Cribbing horses are more likely to be reacting to stress than to stomach discomfort, a new study has suggested.
Researchers from the Royal Agricultural University (RAU) have found that while crib-biting and gastric ulcers in horses may not be directly linked, stress could be the common denominator.
The study, published in the peer-reviewed Journal of Veterinary Behaviour (March-April 2019), looked for the presence of ulceration, stomach pH, and gastrin — a hormone that stimulates the production of stomach acid.
The team looked at the stomachs of 42 dead horses — half of which were crib-biters — in the two-part experiment.
The RAU team found there was no difference in the concentrations of gastrin producing cells or the acidity in the stomachs between crib biting and non-crib biting horses.
While the sample size and logistics are limitations — as cadavers may not accurately reflect the physiology of the living stomach — the non-invasive approach has shed further light into the conditions.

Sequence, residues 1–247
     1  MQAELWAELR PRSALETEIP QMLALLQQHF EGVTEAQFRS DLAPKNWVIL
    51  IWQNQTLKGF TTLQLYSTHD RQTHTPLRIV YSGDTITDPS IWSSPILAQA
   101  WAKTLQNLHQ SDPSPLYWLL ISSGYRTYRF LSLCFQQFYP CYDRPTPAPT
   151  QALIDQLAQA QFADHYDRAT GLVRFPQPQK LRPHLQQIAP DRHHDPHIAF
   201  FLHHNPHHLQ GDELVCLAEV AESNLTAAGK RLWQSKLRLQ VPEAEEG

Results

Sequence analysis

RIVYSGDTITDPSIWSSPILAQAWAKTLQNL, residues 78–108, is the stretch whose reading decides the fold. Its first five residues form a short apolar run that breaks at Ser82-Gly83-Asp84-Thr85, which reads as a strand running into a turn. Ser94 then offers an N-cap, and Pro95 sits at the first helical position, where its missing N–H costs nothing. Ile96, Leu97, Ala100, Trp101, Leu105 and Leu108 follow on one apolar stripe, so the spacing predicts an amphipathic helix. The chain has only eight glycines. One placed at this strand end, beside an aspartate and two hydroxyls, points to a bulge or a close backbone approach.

“These findings suggest that anatomically and physiologically the stomachs from crib-biting and non crib-biting horses, in this study, were not different from each other,” said lead researcher Dr Simon Daniels, of RAU’s school of equine management and science.
“However in both humans and horses gastric ulceration is associated with stress — both environmental stressors and physiological stress, such as from increased free radical production and too few antioxidants.
“Similarly crib-biting behaviour is understood to be a stress coping mechanism for horses. These horses display higher levels of free radicals and reduced antioxidant defences, which is a sign of physiological stress, when compared to non crib-biting horses.”
He added that therefore crib-biting and gastric ulceration may not be directly linked conditions, “but the conditions may be linked together by stress”.
“If this is the case then management of horses that suffer with these conditions — for example by giving nutritional antioxidant support and reducing environmental stress by changing housing or turnout arrangements — may be beneficial in the welfare of this specific group of horses,” said Dr Daniels.
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